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The Simpsons (Classic): “Homer’s Phobia”

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“Homer’s Phobia” (originally aired 2/16/1997)

In which all you have to do is save Homer’s life…

Identity on The Simpsons is malleable, but grounded. At its heart, the show spins out from a central satire of the American family, so even the most fantastical plots (in theory, at least) remain tethered to the emotional core of the characters and their roles in that family dynamic. Sure, Homer may have learned his lessons (about being a better husband, father, worker, neighbor, friend, functional adult human) a few hundred times over the years, but, in a good Simpsons episode, his single-episode journey is still affecting and thematically potent (and funny). If this means that Homer has to reset back to the point before he learned his lesson in time for the start of the next episode, that’s the nature of the show, and his role on it. Homer is the show’s template of the easily led, slothful, blinkered suburban dad—he has to start out that way for a Homer episode to have its story engine.


That being said, the driving force of “Homer’s Phobia” is still jarring, as Homer’s homophobia (hey, I just got that!) toward local collectable store owner and all-around cool guy John (voiced by filmmaker John Waters) has more intensity than usual. In his uncharacteristically committed and vocal objection to John’s homosexuality, Homer edges closer to another archetypically satirical TV patriarch, Archie Bunker. So while there are huge laughs wrung from Homer’s signature irrational gay panic in the episode, there’s also a harder edge to some of the things he says while warning the affable John away from his family that makes “Homer’s Phobia” feel startlingly potent some 18 years later.

While not the thoroughly disreputable figure he was when he was hanging with Divine, the 1997 John Waters was hardly palatable to the show’s popular audience (or the segment of the show’s audience who knew who he was). In the episode’s commentary, the writers claim that Waters was their inspiration and only choice for the role, and Waters turns in what is easily one of the most uniquely memorable guest performances in the show’s history. Partly that’s just Waters—his droll, twinkly delivery is what continues to make him such an entertaining raconteur. (His one-man Christmas show a few years ago was adorably filthy, if that’s a thing.) Also from the DVD commentary, Waters claims that he was delighted and surprised how well the (presumably straight) writers had crafted his character (he only objected to a joke about John not getting along with his dad, calling the idea too stereotypical). He’s not wrong, as the animated John (a masterfully designed approximation of the real, dapper Waters) could have gone wrong in a myriad ways. The key to the character, apart from how effortlessly he channels Waters’ droll humor, is how formidably unapologetic he is.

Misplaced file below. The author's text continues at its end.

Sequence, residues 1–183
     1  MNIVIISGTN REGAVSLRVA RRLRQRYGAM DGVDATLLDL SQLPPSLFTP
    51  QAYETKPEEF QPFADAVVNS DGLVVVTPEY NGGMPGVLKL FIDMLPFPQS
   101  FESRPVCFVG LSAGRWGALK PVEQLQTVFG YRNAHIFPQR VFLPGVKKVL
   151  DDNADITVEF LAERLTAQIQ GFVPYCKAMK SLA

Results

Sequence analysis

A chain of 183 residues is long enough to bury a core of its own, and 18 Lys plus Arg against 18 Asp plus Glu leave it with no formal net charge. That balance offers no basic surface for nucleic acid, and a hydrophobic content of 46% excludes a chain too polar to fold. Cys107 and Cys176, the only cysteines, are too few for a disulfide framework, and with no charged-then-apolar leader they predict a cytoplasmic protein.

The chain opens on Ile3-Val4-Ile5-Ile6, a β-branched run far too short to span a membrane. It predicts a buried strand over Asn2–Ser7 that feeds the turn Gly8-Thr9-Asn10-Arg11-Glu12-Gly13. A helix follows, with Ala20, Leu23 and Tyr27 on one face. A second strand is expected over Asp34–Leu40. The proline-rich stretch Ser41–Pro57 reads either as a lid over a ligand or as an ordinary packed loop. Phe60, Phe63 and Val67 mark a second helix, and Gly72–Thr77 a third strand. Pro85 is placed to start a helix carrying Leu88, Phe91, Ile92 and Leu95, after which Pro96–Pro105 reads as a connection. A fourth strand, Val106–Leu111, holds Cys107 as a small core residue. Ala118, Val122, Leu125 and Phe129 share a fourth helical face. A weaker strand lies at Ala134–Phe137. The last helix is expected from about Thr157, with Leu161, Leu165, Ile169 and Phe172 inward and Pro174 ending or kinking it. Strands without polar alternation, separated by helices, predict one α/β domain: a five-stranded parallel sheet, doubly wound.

John, with his catty witticisms and ironic appreciation of the things that make up the Simpsons un-ironic existence, could have curdled into snarky meanness. Instead, John’s running commentary on the essential cultural mundanity of Springfield partakes of the inherent contradictions that mark Waters’ own work. As he puts it to Homer in a culturally essential definition while defining his love for the tchotchkes lining his store (the delightfully named Cockamamies’) shelves:

It’s camp! The tragically ludicrous, the ludicrously tragic!

John appreciates the world for what it is (a very silly place), and his humor might be at its expense, but he’s developed a way to love it nonetheless.